[Image: Vector created by Gading Effendi on Freepik.com]
After my daily exercise and devotion, I get right down to language learning before breakfast. My morning language routine consists of the following 3 language learning platforms that have been most useful.
All are available on the web, but they also have mobile versions for Android and iOS.
The best part? They are all free.
Duolingo was the very first language app that I discovered. Over the years, it has changed, and the way I have use it has also changed. It has become something of a constant for me.
I like Duolingo because of the large number of language pairs available. The number of languages you can learn and base languages you can learn from has been increasing.
Although there is a mobile app, I prefer to use the website on my laptop.
Personally, I concentrate better when I sit down at a computer to learn. While it is also easy to be distracted on the computer (because of the Internet), my mind associates “work” with a computer more than it does with my phone.
I have also found that it is more challenging on the desktop, as I have to type out the entire sentence. On the mobile app, you might only have to form the sentence from a bank of words or tap word pairs. Might as well challenge myself, right? I would also encourage you to use it on your computer if you can, because I believe you can learn more from each session.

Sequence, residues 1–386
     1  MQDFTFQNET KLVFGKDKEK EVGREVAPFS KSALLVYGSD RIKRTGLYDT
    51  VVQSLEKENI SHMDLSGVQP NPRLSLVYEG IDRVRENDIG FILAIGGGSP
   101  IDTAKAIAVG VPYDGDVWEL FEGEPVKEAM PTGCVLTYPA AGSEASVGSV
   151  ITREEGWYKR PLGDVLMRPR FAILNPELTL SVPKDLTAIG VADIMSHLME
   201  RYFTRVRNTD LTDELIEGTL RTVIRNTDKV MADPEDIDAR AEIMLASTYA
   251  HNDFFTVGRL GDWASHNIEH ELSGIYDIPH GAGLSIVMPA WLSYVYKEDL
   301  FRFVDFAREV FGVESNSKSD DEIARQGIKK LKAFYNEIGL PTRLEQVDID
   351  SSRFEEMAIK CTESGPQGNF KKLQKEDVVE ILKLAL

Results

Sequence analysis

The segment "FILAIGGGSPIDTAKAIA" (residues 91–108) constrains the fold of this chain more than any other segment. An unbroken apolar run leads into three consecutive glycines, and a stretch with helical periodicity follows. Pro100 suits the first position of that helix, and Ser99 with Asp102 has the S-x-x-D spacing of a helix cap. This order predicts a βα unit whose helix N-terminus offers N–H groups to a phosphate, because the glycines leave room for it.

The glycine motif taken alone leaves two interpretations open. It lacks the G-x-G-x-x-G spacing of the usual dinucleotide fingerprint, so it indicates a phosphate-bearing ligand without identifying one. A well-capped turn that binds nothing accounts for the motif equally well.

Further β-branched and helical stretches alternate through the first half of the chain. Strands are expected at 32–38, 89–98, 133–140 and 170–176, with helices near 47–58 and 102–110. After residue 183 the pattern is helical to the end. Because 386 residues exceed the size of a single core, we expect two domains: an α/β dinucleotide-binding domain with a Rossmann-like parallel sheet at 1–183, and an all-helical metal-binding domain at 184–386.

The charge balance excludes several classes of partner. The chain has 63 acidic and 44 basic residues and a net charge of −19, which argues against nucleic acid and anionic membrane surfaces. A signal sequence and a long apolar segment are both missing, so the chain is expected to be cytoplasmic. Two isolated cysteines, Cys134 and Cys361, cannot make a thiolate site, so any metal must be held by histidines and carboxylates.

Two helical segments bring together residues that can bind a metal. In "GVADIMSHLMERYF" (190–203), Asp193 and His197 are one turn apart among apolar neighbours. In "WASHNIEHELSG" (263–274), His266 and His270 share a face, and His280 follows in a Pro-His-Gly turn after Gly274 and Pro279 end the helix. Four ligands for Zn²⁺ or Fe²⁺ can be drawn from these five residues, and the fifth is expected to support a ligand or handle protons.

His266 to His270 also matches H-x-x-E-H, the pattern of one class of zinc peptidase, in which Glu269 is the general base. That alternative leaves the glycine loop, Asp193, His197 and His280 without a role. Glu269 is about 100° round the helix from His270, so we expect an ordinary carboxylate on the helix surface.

Still, I recognise the benefits of the mobile app. You can easily squeeze in an extra session when you have to stand in line to wait or are otherwise unoccupied and have nothing else to do.
In terms of amount of time, I spend about 5 minutes daily. I do 2 exercises on the German from French tree. My focus is German, but I want to practise my French too. Translating between two L2 languages also forces my brain not to put them in the same “slot.”
There was a time when I used to spend close to half an hour, but that was because I was doing many language pairs.
The gamification element for Duolingo does add a little fun. It’s nice to gain XP and level up, as well as to keep that streak going whenever you complete a lesson. 😉
Memrise was the second platform that I discovered, after Duolingo. I use it to learn vocabulary.
It uses spaced repetition, so the time between reviews are lengthened when you answer a question correctly.
I started with it because it was convenient. Any user can create their own courses. and if it’s public, others can search for the course and start learning. I took advantage of this to learn vocabulary in the languages I was interested in without having to build my own lists.
This is why I am still using it, although I had thought that I would “one day” use Anki.
The Memrise team has also started developing their own courses. The recent ones they did with their Membus tour last year are pretty decent in quality.
I like how the courses teach you a new word, and then teach you the word in the sentence.
The advantage of these courses is that they come in many languages too, for both the target and source. And once again, I can choose to learn German from French. (I have not yet done that, since I have other courses going there and I’d like to complete some before I start a new one.)